There’s an acceleration in the  importance of social signals to search engines as part of their ranking calculations., and from my perspective, these fall into two main categories:the engagement of users with content, and the willingness of users to share content.

Engagement

Engagement relates to the way in which users interact with a website throughout their search process. Duane Forrester from Bing was interviewed on Stone temple Consulting, and talked about user interaction within the search results as being a key social factor in the Bing ranking algorithm.  Elements such as Click Through Rates (CTR) from the search results, bounce rate and the length of a session in terms of pages viewed and time spent on the website, and also the number of returning visitors are all metrics that are considered.  When you think about the volume of data Google collects via their cookie and analytics, this seems like a no brainer.  There are ways to improve this.

Improving CTR

In search, your ability to communicate with users is relatively limited. The average listing is pretty limited to just 66 characters for the title, and 160 characters for the description.

We use meta descriptions to communicate the USP of your website, but if our focus is to deliver a higher CTR from the search results, the  most effective message needs to be identified and used.   This can be achieved in many ways including by using  the ad-text variations that deliver the best CTR in paid search and use these as the basis for a more successful message in natural search.

Emotive terms such as “free” and “discount” tend to have a positive effect on CTR, but specific numbers can also catch the eye.  Competitive prices  help to prequalify users but discounts such as “save 20%” also work pretty well.

Reducing Bounce Rate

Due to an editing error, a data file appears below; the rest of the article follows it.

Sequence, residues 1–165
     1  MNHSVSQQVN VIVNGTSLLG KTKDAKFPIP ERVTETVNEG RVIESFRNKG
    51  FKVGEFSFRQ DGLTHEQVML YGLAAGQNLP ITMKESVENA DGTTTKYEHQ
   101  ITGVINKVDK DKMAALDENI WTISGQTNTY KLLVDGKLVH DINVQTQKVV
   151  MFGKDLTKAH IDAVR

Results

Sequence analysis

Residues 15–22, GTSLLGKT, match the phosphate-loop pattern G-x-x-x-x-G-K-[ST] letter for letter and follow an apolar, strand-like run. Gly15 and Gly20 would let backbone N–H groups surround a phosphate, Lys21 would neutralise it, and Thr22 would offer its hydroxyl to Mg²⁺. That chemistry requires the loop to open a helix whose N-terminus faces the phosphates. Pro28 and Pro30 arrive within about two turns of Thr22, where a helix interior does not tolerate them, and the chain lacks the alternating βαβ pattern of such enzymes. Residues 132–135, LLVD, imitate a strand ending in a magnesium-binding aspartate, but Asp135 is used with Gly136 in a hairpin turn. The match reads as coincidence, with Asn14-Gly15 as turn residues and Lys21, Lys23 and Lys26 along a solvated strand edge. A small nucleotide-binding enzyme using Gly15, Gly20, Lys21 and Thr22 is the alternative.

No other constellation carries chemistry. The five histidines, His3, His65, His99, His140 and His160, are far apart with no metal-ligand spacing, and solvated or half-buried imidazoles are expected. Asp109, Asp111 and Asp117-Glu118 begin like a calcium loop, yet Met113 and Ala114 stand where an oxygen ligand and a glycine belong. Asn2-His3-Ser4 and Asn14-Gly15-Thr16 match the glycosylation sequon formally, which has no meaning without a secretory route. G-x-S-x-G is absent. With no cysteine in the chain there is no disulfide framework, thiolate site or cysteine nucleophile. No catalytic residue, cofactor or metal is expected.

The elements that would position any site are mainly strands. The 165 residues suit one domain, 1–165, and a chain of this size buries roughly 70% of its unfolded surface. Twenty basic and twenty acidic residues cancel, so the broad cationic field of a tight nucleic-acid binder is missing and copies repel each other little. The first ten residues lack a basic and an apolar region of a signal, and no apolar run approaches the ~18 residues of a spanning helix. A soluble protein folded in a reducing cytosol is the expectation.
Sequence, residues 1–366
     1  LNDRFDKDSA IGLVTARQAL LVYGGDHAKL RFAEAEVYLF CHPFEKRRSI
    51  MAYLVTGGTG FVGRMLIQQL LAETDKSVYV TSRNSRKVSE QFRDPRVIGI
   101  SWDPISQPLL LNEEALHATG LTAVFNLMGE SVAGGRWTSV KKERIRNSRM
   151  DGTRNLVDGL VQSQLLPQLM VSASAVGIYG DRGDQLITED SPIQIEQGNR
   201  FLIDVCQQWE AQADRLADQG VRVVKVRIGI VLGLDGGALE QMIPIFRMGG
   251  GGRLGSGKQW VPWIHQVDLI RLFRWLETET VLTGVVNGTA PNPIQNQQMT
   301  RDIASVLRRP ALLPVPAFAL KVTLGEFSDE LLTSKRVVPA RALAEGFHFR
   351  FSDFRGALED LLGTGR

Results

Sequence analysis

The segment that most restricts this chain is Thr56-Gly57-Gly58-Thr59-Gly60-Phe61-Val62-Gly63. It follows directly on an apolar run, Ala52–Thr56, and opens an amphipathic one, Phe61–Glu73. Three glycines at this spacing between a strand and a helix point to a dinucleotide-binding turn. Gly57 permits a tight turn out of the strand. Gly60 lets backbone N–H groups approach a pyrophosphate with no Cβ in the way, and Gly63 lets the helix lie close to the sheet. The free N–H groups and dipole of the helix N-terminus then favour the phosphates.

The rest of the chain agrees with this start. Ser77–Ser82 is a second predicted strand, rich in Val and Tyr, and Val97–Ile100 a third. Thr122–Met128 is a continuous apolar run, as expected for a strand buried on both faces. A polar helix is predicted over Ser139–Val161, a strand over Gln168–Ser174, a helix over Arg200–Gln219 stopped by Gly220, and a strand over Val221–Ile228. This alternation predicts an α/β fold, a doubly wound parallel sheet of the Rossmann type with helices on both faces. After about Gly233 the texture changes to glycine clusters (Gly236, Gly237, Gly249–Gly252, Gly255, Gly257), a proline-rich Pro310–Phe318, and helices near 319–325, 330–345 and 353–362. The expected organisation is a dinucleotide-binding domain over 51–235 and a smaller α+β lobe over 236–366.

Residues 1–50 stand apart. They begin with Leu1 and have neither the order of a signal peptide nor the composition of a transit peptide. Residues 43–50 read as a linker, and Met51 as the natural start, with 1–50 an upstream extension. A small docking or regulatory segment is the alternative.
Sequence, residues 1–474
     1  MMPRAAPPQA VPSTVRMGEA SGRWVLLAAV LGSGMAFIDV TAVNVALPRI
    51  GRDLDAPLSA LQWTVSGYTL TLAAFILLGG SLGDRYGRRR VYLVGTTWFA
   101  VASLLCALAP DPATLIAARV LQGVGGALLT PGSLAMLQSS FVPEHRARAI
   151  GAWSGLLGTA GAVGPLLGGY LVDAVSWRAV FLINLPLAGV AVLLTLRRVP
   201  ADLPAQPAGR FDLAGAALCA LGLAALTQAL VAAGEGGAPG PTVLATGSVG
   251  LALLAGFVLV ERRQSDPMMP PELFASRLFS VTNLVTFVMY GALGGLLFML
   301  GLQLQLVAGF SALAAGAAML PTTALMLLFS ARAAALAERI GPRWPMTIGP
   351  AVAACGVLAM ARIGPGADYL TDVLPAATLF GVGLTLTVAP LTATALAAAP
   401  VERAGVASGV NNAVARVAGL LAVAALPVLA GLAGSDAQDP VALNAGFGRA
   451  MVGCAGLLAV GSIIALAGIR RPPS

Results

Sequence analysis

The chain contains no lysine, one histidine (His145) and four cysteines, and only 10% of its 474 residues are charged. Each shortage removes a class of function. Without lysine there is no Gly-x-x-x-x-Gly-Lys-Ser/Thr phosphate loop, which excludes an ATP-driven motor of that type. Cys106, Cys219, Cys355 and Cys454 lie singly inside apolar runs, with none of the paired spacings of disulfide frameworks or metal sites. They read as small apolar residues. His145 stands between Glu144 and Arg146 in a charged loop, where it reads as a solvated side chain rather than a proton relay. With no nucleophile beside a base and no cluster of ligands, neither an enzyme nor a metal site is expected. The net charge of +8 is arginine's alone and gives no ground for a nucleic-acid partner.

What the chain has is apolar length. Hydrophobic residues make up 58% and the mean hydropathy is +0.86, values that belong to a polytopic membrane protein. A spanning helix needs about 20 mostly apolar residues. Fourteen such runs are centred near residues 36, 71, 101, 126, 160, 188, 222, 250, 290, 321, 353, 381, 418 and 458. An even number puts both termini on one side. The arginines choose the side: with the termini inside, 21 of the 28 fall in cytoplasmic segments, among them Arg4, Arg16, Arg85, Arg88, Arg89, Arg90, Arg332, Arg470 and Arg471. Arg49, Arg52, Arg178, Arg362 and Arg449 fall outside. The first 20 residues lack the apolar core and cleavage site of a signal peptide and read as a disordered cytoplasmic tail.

A high bounce rate is not always a bad thing. There occasions where a user might be looking for a quick answer to a question and find that answer within a few seconds of arriving at your site. This isn’t always the case and it might indicate a lack of satisfaction.

Compare bounce rates across pages that share function to see whether there is a pattern which means that one page might have a higher bounce rate than another.   This might be the type of search term that people are using to enter the page, it might be the price of an item, it might be because your site has a horrible picture of a product.  If your site has a consistently high bounce rate, it might be because your design is horrid.

Increasing Session Length

Encouraging users to explore more of the website is always helpful from a marketing perspective because it exposes customers to more products.  There are loads of ways of encouraging people to explore.  Wikipedia always does this pretty well, but as a note of caution, this type of activity needs to be done gradually, because you always need to protect your conversion rate.

Sharing

Sharing involves transactions around links to content in Twitter, Facebook, +1 metrics, social bookmarks, and also the number of people who link to your content from other media such as forums and blogs. Google access sharing data via a number of sources from public social media profiles, monitoring traffic flow via analytics and also via the goo.gl URL shortening service.  They also have a small social platform of their own ;-).